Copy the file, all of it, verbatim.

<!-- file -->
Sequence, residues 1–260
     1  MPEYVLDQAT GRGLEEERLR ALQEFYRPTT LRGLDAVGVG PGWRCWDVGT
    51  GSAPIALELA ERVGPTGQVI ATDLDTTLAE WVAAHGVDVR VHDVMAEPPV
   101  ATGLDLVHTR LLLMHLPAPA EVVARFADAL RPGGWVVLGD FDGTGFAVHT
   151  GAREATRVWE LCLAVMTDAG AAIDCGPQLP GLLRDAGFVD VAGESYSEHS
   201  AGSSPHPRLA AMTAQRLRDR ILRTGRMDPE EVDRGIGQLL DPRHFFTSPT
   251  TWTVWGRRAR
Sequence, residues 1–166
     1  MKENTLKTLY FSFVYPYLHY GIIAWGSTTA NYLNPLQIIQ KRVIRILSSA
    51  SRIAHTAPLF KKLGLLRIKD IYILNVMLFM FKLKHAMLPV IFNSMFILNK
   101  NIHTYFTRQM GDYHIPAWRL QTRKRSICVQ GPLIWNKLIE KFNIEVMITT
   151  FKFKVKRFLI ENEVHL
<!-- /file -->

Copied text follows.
Sequence, residues 1–260
     1  MPEYVLDQAT GRGLEEERLR ALQEFYRPTT LRGLDAVGVG PGWRCWDVGT
    51  GSAPIALELA ERVGPTGQVI ATDLDTTLAE WVAAHGVDVR VHDVMAEPPV
   101  ATGLDLVHTR LLLMHLPAPA EVVARFADAL RPGGWVVLGD FDGTGFAVHT
   151  GAREATRVWE LCLAVMTDAG AAIDCGPQLP GLLRDAGFVD VAGESYSEHS
   201  AGSSPHPRLA AMTAQRLRDR ILRTGRMDPE EVDRGIGQLL DPRHFFTSPT
   251  TWTVWGRRAR
Sequence, residues 1–166
     1  MKENTLKTLY FSFVYPYLHY GIIAWGSTTA NYLNPLQIIQ KRVIRILSSA
    51  SRIAHTAPLF KKLGLLRIKD IYILNVMLFM FKLKHAMLPV IFNSMFILNK
   101  NIHTYFTRQM GDYHIPAWRL QTRKRSICVQ GPLIWNKLIE KFNIEVMITT
   151  FKFKVKRFLI ENEVHL